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Is there a crop factor when....?


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#1 Aaron Hunt

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Posted 24 March 2016 - 03:00 PM

Hello, first time here on the site. I just shot an exposure test on a roll of super 16 on the Aaton LTR 54 with a Zeiss ARRI Super 16 Super Speed lens set. The guy I rented the lenses from muddled something about one of the lenses actually working out to being about twice the FOV of its actual focal length, and this has stuck with me. Is a 9.5mm lens built specifically for Super 16 cameras, not just that original 9.5mm FOV? Here is a still from the test roll that was shot using the 9.5mm lens, and since I've had this supposed crop factor bugging me, this doesn't seem to have nearly as much barrel distortion as I'd expect from a 9.5mm lens -- in fact it looks something more like an 18mm which would make sense if there were a crop factor.... But is there? It's driving me nuts! I am also using an adapter (if that's any factor). 

 

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#2 Adrian Sierkowski

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Posted 24 March 2016 - 04:18 PM

Crop factor only has meaning when matching equivalent FOVs on differing sensor sizes or film gauges. So your 9mm lens, if you wanted to mate the FOV on 35mm would be about an 18 (simplified math).

That said, if you're used to looking at 35mm (or APS-C) Focal lenghts, then yes, the 9.5mm on S16mm film would be very close to the image size for that given distance afforded by an 18mm on 35/APS.


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#3 Aaron Hunt

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Posted 24 March 2016 - 05:07 PM

Thanks Adrian. But then does the way that lens handle space/barrel distortion operate the same across all sensors/film? I understand that you'll be getting less or more of an image (the "crop" factor) depending on the sensor or film format, but just curious to know if the lens still operates consistently in terms of how it's handling space. 


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#4 Chris Burke

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Posted 24 March 2016 - 05:31 PM

With any given lens, they produce a certain size image circle. A lens purpose built for Super sixteen will produce an image circle that will cover that gauge.  concentrate on which format the lens is made to cover. So a 9.5mm lens that is made for S16 will look like a 28mm focal length for still 35mm or 18mm in cine 35 or APS. Lots of people get hung up on the "crop factor", it is confusing and actually rather misleading if you don't get how lenses relate to an imager. Forget crop factor.  If you know still photography focal lengths, with S16 if you multiply by 3, you get an approximate field of view to use as reference. Crop factor comes in when you use a lens intended for one format on another smaller or larger format.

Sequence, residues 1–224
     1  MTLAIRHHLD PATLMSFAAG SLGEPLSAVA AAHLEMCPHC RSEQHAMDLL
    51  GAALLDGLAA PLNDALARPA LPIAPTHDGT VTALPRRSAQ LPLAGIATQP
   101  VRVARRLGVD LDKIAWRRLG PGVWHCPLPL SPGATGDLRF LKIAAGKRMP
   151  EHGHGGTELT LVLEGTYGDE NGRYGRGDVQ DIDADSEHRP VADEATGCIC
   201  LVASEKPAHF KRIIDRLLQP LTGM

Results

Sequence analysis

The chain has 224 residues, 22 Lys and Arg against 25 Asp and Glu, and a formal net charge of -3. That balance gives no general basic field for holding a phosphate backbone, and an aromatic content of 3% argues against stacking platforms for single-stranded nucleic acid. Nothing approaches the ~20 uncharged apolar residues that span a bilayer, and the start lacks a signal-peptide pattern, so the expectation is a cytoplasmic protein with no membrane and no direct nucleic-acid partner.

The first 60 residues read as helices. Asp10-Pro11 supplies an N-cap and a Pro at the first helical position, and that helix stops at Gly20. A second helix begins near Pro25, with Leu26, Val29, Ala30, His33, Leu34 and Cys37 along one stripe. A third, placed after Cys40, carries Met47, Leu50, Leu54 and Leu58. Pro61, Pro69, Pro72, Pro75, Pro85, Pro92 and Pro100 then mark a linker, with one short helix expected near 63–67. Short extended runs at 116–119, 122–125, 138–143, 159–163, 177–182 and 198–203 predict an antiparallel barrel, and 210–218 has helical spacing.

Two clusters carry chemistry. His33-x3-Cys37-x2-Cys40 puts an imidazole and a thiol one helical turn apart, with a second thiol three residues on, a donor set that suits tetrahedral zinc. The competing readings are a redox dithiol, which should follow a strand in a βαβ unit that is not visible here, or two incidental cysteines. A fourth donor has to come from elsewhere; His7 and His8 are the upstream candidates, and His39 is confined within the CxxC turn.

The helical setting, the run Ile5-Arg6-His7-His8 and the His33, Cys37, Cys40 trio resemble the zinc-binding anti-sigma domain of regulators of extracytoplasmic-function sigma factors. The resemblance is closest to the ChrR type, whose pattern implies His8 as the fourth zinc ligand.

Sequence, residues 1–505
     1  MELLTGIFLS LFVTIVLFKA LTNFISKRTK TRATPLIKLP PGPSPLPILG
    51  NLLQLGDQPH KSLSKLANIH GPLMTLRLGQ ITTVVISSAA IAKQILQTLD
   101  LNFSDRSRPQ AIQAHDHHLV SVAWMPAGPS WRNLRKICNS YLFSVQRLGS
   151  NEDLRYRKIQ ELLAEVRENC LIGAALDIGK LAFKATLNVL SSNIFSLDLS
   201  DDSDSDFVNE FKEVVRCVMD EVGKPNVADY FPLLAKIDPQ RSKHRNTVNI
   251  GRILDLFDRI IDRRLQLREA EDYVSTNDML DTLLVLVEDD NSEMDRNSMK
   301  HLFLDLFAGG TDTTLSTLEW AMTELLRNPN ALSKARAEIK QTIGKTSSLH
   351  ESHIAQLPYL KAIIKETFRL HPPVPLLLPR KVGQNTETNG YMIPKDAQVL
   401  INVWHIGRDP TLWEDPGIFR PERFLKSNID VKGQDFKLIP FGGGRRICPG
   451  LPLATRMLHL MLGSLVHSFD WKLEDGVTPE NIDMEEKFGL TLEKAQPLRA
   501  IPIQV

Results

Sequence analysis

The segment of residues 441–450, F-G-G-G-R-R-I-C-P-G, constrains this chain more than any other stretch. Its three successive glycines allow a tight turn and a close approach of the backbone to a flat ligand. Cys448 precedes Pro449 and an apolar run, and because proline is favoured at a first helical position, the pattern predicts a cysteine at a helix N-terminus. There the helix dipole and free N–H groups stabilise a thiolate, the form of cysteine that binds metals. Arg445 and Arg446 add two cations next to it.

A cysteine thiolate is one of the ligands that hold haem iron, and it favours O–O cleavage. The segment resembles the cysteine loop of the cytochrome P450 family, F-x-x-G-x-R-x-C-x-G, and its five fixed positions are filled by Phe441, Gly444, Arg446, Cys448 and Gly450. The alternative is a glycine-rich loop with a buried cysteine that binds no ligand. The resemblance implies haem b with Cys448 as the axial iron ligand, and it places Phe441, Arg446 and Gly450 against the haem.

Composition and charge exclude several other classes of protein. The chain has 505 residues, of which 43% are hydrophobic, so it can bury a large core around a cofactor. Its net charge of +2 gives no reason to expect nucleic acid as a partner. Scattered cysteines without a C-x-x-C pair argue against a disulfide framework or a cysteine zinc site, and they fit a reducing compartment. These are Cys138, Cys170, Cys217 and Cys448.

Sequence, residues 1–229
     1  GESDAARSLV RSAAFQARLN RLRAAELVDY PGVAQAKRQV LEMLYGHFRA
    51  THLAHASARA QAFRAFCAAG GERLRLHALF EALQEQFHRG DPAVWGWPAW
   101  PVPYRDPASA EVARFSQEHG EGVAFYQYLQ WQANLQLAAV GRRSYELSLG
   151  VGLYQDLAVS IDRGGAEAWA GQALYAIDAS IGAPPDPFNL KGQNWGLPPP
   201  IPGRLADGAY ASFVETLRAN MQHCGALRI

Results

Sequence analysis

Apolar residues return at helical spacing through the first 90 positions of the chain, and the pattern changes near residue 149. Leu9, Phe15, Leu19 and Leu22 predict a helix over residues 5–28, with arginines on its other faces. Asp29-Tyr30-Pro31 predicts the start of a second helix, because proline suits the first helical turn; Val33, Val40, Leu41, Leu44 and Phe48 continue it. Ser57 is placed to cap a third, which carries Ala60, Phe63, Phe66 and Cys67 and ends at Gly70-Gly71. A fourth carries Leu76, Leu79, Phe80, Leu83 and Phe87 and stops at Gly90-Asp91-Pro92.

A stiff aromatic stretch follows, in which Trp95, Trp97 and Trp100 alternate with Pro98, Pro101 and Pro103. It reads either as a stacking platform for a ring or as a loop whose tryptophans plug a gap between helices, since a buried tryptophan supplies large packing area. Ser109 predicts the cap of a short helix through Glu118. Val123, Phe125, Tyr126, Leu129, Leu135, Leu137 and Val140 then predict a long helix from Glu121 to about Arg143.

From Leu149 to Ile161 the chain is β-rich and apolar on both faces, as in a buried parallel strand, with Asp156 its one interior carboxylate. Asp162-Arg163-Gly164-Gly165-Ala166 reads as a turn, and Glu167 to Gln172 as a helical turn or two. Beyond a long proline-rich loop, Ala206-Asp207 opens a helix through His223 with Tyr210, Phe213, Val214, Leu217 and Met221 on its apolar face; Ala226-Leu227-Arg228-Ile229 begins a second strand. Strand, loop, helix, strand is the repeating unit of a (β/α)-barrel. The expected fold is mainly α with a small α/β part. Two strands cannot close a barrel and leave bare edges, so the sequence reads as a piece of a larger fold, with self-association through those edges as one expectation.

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#5 Aaron Hunt

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Posted 24 March 2016 - 06:28 PM

With any given lens, they produce a certain size image circle. A lens purpose built for Super sixteen will produce an image circle that will cover that gauge.  concentrate on which format the lens is made to cover. So a 9.5mm lens that is made for S16 will look like a 28mm focal length for still 35mm or 18mm in cine 35 or APS. Lots of people get hung up on the "crop factor", it is confusing and actually rather misleading if you don't get how lenses relate to an imager. Forget crop factor.  If you know still photography focal lengths, with S16 if you multiply by 3, you get an approximate field of view to use as reference. Crop factor comes in when you use a lens intended for one format on another smaller or larger format. 

Thanks Chris, for a while I just couldn't get my head wrapped around it... But putting it in the context of still photography focal lengths helped me do so. I really appreciate it.


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